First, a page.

Well-known brand names such as Google and the Better Business Bureau scored better than lesser-known brands, such Thawte and Geotrust. Baymard also found that a non-branded seal with a padlock image, accompanied by the words, “This site is SSL SECURED,” scored better than the lesser-known branded seals in the study.

Further reinforcing the relationship of brand recognition to trust is the fact that the same company, Utah-based DigiCert, owns and administers the Norton, Thawte and GeoTrust branded seals—but the Norton seal was nearly 20 times more likely to provide the “best sense of trust” than the two lesser-known seals.

Translating Trust into Conversions

Clearly, a trusted seal provides valuable third-party validation for those websites that use it. But how can this value be measured, and how does it translate into conversions and sales?

TrustedSite, a San Francisco-based web security company and issuer of trust seals, has a longstanding blog series called “Testing Trust,” in which digital marketing agencies put its trustmarks to the test for their clients and share their findings.  

Some of the results:

  • Holabird Sports, a running and racquet sports retailer, saw a 21.3% increase in revenue after adding trustmarks on its landing and product pages, login, footer, cart and checkout; 
  • Decor Steals, a home furnishings retailer, achieved a 17% increase in revenue per desktop visitor after installing trustmarks across its site;
  • Scrubs & Beyond, which sells scrubs and medical equipment, recorded an 18.6% increase in conversions after adding trustmarks;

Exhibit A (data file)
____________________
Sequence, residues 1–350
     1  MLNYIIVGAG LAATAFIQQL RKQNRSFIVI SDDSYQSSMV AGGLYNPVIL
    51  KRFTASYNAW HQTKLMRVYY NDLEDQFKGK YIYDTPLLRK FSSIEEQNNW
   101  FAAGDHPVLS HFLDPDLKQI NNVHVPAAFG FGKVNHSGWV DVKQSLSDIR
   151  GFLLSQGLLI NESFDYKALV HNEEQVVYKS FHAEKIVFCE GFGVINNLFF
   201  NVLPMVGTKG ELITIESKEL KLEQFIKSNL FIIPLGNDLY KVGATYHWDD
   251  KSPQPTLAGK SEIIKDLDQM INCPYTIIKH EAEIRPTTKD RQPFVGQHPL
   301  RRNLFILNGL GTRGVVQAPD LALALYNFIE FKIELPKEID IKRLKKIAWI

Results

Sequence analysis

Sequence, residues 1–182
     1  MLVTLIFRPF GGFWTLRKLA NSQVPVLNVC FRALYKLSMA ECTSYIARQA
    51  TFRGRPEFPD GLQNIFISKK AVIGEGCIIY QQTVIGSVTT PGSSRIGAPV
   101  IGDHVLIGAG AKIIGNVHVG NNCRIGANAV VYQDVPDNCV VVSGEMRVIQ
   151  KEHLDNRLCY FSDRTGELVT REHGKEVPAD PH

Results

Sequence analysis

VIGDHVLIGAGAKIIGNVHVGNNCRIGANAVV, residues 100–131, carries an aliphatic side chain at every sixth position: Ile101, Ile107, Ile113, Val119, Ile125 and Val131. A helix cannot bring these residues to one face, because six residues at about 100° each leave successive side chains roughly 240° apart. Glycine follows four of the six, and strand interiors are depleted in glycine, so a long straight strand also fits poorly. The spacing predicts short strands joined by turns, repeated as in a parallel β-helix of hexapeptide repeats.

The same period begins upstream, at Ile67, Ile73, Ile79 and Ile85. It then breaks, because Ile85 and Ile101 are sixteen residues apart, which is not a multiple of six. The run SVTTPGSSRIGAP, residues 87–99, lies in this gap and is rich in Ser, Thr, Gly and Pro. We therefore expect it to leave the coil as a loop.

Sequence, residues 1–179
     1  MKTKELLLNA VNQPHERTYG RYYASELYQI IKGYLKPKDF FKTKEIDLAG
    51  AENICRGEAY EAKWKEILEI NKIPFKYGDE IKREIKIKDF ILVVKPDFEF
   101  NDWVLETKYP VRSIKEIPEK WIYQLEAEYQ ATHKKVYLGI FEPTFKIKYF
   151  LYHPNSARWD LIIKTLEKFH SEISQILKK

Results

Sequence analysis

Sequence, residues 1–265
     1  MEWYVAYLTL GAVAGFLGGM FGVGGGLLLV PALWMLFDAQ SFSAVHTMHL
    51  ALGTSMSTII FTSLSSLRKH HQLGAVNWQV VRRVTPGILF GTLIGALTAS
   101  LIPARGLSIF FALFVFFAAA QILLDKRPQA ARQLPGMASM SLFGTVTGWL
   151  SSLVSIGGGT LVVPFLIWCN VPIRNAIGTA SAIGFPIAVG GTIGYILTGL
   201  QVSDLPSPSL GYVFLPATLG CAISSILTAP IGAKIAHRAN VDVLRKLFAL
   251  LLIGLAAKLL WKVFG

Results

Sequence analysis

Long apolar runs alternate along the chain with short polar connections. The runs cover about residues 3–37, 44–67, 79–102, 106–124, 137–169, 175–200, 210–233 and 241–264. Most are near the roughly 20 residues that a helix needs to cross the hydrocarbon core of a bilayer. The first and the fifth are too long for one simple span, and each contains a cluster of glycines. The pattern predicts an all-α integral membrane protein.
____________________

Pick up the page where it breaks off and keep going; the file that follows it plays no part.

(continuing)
• AmourPrints, a retailer of romantic canvas art and prints, saw an 8.6% increase in conversions; and
  • JINS Eyewear, which sells prescription glasses online, experienced an 8.4% conversion increase.

Because every website is different, the best course is to A/B test your site’s checkout page with various options to determine which badge or combination of badges is best for your business. Then you can determine the impact on conversions and revenue, and decide if the revenue impact justifies the investment, since third-party trust seals carry certification requirements and costs. 

As you might expect, major retail brands with household names don't have the same need to show trust badges as smaller ecommerce stores. Most large brands don’t use them at all; they have established trust in other ways. However, even the best-known brands sometimes see their checkout pages abandoned because of poor UX.

Baymard noted that design bugs are a frequent cause for cart abandonment even for Amazon, Walmart and Apple. The research house gave numerous examples, such as a flaw in the Microsoft Store’s credit card form that caused placeholder text in the postal code field to be superimposed by the user’s auto-fill text. The mistake made the field unreadable; confused shoppers feared the form did not function properly or had been hacked.

This example shows that website trust signals, such as professional design and attention to detail, aren’t just for smaller brands. Even the biggest brands can lose business through design oversights and other errors that reduce buyer trust.

From Short-Term Sales to Long-Term Growth

The influence of trust seals on online sales represents a microcosm of the impact of the full universe of trust signals for brands

By approaching trust signals more broadly, any business can develop a strategy that improves more than checkout page conversions. The more far-reaching and enduring benefit of a trust signals strategy is to build, grow and protect your brand.